A recent report by Freedom House, a Washington-based human rights group, found that online freedom of expression has been in decline for five years and is under “unprecedented pressure” as more nations have been arresting users of Internet. internet for “non-violent political, social or religious expressions”.
In 20 countries, authorities blocked access to the internet and in 21 they blocked access to social media, the investigation found.
For the seventh year in a row, China ranked first among the most repressive regimes on the internet. But threats arise in several ways: Turkey, for example, requires platforms with more than one million users to take out “offensive” content within 48 hours of receiving the report, otherwise they face penalties ranging from fines, advertising blocks and limits on your access to broadband.
Russia, for its part, “added more rules to the labyrinthine scheme that it already had and that technology companies have been forced to navigate,” said Freedom House.
Even internet freedoms in the United States have declined in the past five years, according to Freedom House, citing as examples conspiracy theories and disinformation related to the 2020 elections, and the arrests and harassment of protesters against racial injustice.
Big tech companies have long agreed to obey local laws about removing content and other topics in order to operate in those countries. For example, in Germany they must block content that denies the Holocaut and in Europe in general, they are prohibited from blocking opposition parties, as in fact they did in Russia.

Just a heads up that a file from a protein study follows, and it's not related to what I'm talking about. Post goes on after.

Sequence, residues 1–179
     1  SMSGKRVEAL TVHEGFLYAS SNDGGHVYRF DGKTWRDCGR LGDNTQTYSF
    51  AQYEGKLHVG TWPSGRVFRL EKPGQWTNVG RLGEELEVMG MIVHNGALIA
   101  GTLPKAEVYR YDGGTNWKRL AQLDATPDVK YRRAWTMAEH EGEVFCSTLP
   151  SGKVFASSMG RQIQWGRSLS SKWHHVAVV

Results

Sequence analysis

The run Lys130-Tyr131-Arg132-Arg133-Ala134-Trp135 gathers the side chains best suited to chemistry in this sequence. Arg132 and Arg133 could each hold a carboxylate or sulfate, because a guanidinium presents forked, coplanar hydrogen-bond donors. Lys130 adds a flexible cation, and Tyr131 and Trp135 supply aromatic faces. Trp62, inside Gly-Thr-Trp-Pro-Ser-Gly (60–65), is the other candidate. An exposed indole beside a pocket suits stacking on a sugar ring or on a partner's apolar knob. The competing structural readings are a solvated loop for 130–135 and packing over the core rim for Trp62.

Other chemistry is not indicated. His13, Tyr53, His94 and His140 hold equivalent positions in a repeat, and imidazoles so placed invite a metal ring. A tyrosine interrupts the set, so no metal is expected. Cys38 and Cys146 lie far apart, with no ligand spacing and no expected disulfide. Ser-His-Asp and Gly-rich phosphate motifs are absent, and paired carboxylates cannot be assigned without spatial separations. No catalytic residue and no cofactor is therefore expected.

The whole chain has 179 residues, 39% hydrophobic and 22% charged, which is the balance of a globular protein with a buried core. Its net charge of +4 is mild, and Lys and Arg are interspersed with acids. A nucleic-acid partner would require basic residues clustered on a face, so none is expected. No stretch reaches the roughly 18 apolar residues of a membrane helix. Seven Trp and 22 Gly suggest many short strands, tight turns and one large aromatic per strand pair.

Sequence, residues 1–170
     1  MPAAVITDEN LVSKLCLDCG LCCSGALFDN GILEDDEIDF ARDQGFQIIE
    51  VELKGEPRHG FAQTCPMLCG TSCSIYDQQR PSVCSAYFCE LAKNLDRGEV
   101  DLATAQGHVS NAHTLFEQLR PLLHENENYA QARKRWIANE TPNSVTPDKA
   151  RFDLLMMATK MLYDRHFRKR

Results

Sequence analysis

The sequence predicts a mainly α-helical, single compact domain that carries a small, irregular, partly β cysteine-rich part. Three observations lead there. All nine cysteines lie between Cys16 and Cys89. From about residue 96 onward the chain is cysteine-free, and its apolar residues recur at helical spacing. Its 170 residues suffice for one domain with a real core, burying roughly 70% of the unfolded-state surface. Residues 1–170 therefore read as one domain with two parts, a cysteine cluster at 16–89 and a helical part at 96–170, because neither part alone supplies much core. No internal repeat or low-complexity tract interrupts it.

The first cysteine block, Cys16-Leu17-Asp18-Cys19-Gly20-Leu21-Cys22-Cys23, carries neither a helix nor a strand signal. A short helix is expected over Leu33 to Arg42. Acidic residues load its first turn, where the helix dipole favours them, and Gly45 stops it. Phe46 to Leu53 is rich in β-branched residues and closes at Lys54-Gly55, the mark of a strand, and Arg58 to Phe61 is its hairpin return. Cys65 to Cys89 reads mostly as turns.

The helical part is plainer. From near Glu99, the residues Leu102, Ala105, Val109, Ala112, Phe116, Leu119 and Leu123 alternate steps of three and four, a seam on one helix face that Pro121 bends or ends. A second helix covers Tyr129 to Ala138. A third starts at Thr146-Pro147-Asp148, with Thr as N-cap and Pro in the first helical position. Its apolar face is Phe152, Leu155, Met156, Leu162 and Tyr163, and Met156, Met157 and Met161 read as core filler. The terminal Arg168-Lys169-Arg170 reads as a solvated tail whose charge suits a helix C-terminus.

The blocking of the app in Russia prompted complaints from opposition politicians. Leonid Volkov, an advisor to jailed opposition leader Alexei Navalny, wrote on Facebook that the companies “gave in to the Kremlin’s blackmail.”
A Navalny ally, Ivan Zhdanov, expressed via Twitter that Navalny’s team is considering suing both companies. He also scoffed at the decision, stating: “What we expected: For the government to turn off the internet. What happened: The internet, in a panic, turned itself off. “
The criticism may lead companies to reconsider their presence in Russia. Google made a similar decision in 2010 when it left China after the government there began censoring YouTube searches and videos.
Russia is not a major market for Apple, whose annual revenue this year is estimated at $ 370 billion, or for Alphabet, Google’s parent company, whose revenue is projected at $ 250 billion this year. But in the end, profits are profits.
“If you want to take the correct position when it comes to defending human rights and freedom of expression, you are going to have to make difficult decisions as to whether you want to stay in that market,” said Kurt Opsahl, legal adviser at Electronic Frontier. Foundation, a group that defends rights on the internet.
Ortutay reported from Oakland, California. AP correspondents Daria Litvinova in Moscow and Kelvin Chan in London contributed to this report.